We know what works to prevent and end homelessness. Years of
research and evaluation have shown which programs are most effective and
which approaches work. We know that a targeted, comprehensive solution
is more cost effective and will have better results than temporary
fixes. We know we must commit to a continuum of affordable housing and
homeless prevention programs. We know that we must shift fundamentally
from a focus on providing temporary shelter to a focus on providing
stable, affordable housing.
Given the limited resources of our state budget, we need to be sure to
strategically invest in the most cost-effective, efficient strategies
for dealing with our homelessness crisis.
Investing in services to keep individuals and families in their homes
is far less expensive and has better outcomes than having them enter
the homeless emergency shelter system. Four avenues of homelessness
prevention that have been proven to work are:
Discharge Planning - Providing vulnerable populations
(those exiting prison, mental health centers, and DCYF) with training,
housing options and other supportive services can give these individuals
the tools they need to live independent, stable lives and prevent them
from being discharged into homelessness.
Diversion - Assistance programs can intervene to assist
those who are at imminent risk of becoming homeless. This can include
financial literacy, connecting with available services, and rental
Emergency Assistance - An unexpected illness, the loss of a
job, domestic violence, or a temporary disability can push people into
homelessness. A one-time small loan or grant can often provide the
stability these individuals and families need to stay in their housing.
Foreclosure Prevention and Tenant Protection - Provisions
to prevent foreclosure and protect tenants have proven effective. These
laws need to be strengthened and made permanent.
Affordable housing is the primary solution to ending episodic homelessness
Providing an adequate, stable supply of affordable housing is the
primary solution to ending episodic homelessness. Affordable rentals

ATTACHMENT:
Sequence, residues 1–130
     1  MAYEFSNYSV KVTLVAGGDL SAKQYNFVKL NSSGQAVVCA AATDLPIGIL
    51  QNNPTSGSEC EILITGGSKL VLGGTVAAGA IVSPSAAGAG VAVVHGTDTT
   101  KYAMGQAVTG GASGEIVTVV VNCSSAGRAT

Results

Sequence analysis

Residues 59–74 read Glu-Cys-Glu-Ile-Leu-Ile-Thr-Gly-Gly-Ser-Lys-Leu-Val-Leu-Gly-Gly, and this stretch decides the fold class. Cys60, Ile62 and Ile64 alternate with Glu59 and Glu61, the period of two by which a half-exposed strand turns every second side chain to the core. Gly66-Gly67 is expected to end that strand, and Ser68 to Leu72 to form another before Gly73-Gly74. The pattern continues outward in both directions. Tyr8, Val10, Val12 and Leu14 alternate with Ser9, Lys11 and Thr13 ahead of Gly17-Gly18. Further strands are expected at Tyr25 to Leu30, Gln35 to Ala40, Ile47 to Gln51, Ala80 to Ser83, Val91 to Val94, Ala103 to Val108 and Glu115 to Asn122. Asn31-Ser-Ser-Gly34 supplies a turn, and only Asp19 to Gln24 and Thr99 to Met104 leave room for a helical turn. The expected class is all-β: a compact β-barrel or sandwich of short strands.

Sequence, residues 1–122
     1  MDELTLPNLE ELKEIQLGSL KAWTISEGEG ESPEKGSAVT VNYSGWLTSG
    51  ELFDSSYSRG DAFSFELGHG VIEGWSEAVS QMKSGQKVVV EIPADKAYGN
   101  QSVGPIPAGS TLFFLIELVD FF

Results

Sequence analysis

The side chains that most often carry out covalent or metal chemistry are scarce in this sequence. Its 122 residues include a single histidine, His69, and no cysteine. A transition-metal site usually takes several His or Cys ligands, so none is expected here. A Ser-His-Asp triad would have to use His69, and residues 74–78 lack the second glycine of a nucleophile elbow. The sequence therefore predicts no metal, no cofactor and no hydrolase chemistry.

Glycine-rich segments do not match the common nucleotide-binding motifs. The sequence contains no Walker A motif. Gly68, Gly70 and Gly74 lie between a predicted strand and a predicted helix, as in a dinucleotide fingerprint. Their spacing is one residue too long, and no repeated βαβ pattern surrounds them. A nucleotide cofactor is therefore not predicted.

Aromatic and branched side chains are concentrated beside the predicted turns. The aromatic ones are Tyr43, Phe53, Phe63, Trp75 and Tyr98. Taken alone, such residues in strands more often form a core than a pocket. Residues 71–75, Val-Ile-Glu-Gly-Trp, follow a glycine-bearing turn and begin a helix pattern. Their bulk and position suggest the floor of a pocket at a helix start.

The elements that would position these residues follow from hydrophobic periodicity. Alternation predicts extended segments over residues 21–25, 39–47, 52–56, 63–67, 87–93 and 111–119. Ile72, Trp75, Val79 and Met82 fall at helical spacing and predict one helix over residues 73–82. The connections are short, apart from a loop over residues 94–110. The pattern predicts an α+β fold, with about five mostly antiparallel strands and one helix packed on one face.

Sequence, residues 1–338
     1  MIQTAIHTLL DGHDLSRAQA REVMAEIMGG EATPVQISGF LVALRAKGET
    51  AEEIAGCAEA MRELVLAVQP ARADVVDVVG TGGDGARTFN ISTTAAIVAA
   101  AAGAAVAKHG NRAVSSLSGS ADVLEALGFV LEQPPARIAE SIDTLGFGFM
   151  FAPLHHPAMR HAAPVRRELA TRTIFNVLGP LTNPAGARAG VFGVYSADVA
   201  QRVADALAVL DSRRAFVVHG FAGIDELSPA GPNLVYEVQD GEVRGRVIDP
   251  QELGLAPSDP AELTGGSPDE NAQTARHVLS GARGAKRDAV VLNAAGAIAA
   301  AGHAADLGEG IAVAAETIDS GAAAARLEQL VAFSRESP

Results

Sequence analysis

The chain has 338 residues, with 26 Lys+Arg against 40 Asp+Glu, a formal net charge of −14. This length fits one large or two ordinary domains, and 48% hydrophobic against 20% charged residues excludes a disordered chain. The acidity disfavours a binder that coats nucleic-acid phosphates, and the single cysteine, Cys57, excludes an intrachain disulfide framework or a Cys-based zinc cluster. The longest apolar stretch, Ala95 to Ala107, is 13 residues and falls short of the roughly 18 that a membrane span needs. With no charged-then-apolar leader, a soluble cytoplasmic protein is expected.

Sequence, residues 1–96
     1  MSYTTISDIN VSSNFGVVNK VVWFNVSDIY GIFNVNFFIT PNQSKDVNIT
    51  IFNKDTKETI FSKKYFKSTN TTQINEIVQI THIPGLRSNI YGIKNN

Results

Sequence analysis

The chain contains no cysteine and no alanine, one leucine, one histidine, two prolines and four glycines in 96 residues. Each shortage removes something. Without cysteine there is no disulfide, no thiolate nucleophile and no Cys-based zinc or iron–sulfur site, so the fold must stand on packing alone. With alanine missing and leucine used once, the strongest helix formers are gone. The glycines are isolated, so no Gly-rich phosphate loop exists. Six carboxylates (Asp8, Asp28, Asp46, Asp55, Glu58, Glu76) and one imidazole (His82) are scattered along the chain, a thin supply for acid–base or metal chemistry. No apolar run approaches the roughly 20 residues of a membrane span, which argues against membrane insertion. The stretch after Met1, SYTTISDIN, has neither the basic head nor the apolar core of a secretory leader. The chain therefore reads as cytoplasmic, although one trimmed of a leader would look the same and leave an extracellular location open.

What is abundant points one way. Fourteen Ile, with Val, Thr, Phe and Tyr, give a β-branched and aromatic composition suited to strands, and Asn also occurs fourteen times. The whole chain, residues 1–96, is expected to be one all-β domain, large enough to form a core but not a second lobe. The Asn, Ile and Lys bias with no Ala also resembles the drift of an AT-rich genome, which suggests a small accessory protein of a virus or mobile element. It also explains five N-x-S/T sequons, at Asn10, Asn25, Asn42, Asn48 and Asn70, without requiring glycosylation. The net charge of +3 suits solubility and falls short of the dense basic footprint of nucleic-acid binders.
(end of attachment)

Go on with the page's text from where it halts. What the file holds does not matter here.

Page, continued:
allow low-income families and individuals to stay in their homes and
provide an avenue for the homeless to find housing.
An adequate supply of affordable housing will allow us to transform the
homeless service system into a crisis response system that rapidly
returns people who experience homelessness to stable housing. Rental
housing subsidies and new development of affordable rental units are
Permanent supportive housing is the primary solution to ending chronic homelessness
Approximately 18% of the homeless population in Rhode Island is
considered chronically homeless - that is, they have been homeless
multiple times over a period of years or for years at a time. People
who are chronically homeless face unique barriers to finding and keeping
housing - many of them live in poverty, suffer from severe mental
illness and/or substance abuse, or have physical disabilities. The
chronic homeless are often the most visible homeless population and
often use the most resources. Nationally, over 50% of service dollars
for the homeless are used by the chronic homeless population. There is a
more cost-efficient and outcome-effective solution: supportive housing.
Supportive housing is a nationally tested approach to permanently break
the cycle of homelessness by providing the chronically homeless with
affordable housing and the wrap-around services that will allow them to
live independent, stable and productive lives.
A supportive housing pilot program called Housing First was launched in
2006 in Rhode Island. The program found a 90% success rate and a cost
savings of $7,946 per person who is no longer homeless. Supportive
housing proved to be effective in moving individuals out of chronic
homelessness and saving taxpayers’ money.
Chronic Homelessness is a solvable problem in Rhode Island.
An estimated 711 chronically homeless individuals accessed shelter in
Rhode Island in 2010. This is a solvable problem. In just one year
Portland, OR, was able to house 660 chronically homeless individuals.
In Worcester, MA, chronic homelessness has decreased by 97%. We could
be the first state to end chronic homelessness.
We know how to end homelessness.
What is missing is the political will and funding to do so.
Need for a Dedicated Funding Stream
Stable, consistent funding is the key component missing in the plan
to end homelessness in Rhode Island. Each year, affordable housing
funding is cut from the state budget, yet the need for affordable
housing continues to grow. We need a permanent funding stream to
address this growing problem.
A predictable funding source will allow more strategic and efficient
development of affordable housing. Housing development is almost always
a multi-year process, therefore developers need reliable funding to
make these projects successful. Affordable housing development is being
hindered because future funding is unpredictable.
Rhode Island is one of only nine states with no dedicated funding stream
for affordable housing. It is time Rhode Island made a commitment to
ensuring this basic need to its residents.